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Neighborhood Interpretive Center

Grafik Neighborhood Interpretive Center © Goethe-Institut

About the Neighborhood Interpretive Center

The Neighborhood Interpretive Center is a hyperlocal neighborhood initiative of the Goethe-Institut in the diverse MacArthur Park neighborhood of Los Angeles, launched in 2021. Each fall, there is an open call for cultural practitioners and creative professionals to propose innovative cultural programs for the project space that engages with MacArthur Park and the surrounding neighborhood. Special consideration will be given to cultural practitioners and creatives who live or work in MacArthur Park or the surrounding area, as well as artists* who are considered underrepresented. Content focuses on supporting projects that demonstrate an understanding of the unique history and characteristics of the neighborhood, and celebrate cultural diversity. A committee selects 3-5 projects from a large number of submissions to be implemented and presented at the Goethe-Institut the following year.
The 2024 Open Call for Cultural Workers and Creatives submission period ended in January 2024. The selection committee chose three projects from a large number of proposals.

Since 2021, the Goethe-Institut Los Angeles has been located in the MacArthur Park neighborhood, where many Hispanic, African and Asian Americans live. The Goethe-Institut worked with local partners and cultural practitioners and focus groups to conduct surveys to better understand what the diverse community wants for the new space. As a consultative part of the local community council, the Goethe-Institut was able to network and exchange ideas with various organizations in the immediate area. Through this process, it was decided to use the Goethe-Institut's project space as a place for the people and cultures in the immediate neighborhood and to provide a platform for events that have particular relevance to the area around MacArthur Park. The focus on collaborations with local people is at the heart of the Goethe-Institut's work worldwide.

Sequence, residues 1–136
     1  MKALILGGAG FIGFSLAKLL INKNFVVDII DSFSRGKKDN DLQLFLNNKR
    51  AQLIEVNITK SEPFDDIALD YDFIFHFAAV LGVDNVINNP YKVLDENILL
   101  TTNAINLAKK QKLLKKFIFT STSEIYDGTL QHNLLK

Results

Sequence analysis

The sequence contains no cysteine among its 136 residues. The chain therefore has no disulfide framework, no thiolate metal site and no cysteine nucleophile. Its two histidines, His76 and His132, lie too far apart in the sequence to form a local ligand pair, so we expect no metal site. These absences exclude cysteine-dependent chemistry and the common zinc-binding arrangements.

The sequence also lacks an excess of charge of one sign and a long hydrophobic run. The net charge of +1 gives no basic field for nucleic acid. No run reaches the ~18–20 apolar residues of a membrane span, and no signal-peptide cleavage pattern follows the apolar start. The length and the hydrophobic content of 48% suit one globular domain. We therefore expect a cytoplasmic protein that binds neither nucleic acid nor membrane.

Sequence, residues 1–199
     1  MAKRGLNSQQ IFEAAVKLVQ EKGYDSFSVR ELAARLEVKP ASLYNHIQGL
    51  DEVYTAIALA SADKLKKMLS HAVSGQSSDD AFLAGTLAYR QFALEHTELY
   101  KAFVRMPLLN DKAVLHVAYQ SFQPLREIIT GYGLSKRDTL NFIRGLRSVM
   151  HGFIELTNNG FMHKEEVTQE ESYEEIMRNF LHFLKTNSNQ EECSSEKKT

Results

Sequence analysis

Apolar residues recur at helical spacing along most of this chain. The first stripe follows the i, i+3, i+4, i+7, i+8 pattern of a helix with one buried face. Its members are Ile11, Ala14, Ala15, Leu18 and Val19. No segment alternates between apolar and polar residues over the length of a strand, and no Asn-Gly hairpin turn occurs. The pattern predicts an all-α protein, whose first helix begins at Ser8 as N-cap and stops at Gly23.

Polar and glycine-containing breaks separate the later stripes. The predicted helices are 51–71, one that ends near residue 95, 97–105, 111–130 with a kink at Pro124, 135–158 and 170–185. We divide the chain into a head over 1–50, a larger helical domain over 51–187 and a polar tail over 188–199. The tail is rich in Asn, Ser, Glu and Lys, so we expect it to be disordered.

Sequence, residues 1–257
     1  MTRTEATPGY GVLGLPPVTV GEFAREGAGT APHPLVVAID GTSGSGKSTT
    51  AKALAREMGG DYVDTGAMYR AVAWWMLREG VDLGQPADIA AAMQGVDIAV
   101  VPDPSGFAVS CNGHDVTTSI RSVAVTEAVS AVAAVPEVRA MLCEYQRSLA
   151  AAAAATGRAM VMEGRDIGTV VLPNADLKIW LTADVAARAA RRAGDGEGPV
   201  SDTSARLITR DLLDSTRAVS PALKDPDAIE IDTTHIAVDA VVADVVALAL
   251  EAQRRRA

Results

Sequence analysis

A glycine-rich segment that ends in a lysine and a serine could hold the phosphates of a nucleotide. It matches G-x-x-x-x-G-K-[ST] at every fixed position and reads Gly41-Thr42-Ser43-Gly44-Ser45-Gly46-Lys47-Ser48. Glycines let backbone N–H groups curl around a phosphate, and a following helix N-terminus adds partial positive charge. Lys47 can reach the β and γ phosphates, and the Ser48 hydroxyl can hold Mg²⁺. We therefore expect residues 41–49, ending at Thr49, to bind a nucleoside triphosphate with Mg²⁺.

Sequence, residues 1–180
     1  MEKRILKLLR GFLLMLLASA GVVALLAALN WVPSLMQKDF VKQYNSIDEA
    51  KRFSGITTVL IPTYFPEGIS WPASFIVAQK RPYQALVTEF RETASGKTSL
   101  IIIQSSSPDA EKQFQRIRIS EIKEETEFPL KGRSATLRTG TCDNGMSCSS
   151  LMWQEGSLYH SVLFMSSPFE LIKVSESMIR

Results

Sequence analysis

02.08.2024 – 03.08.2024

Curated by Homies Unidos, the interdisciplinary exhibition INSIDE|OUTSIDE seeks to raise awareness about the challenges faced by immigrants entangled in the criminal justice system. Many of these individuals, at risk of deportation upon release, leave behind children and families who suffer their absence deeply. In presenting the work and poetry of currently and formerly incarcerated individuals and their families, INSIDE|OUTSIDE gives voice to their stories through their work, revealing their struggles, hopes, and dreams. This powerful showcase and the accompanying programs delve into the dual realities of being confined within prison walls and marginalized on the fringes of society upon release, confronting the harsh aspects of deportation, including the potential for re-incarceration in their home countries.

Serving the Pico-Union, Westlake, and Koreatown communities, Homies Unidos presents trauma-informed and culturally competent art, education, and leadership development activities tied to social justice advocacy programs. 

Inside-Outside © Goethe-Institut


11/ 2 - 12/15/2023

Tahanan: Home Is Where Your Paról Is

“Tahanan,” the Tagalog word for “home,” can be anywhere for millions of Filipinos around the world: whether in the Philippines, the United States, or the many other countries to which they have immigrated. With immigration comes feelings of fear and displacement, and immigrants often embrace old traditions to help overcome adversity and feel closer to their heritage. For Filipinos, one of those traditions is the paról—ornamental stars that are hung near the front of the home, to be seen by visitors and passers-by. Not only have they become a symbol for the Christmas season, but also a symbol of solidarity in the Filipino community. The paról connects them through shared experience and signals, “A Filipino lives here.” Whether homemade or store-bought, it’s a tradition that Filipino immigrants have brought with them into the diaspora—a relic of their upbringing that makes their adoptive countries feel more like home.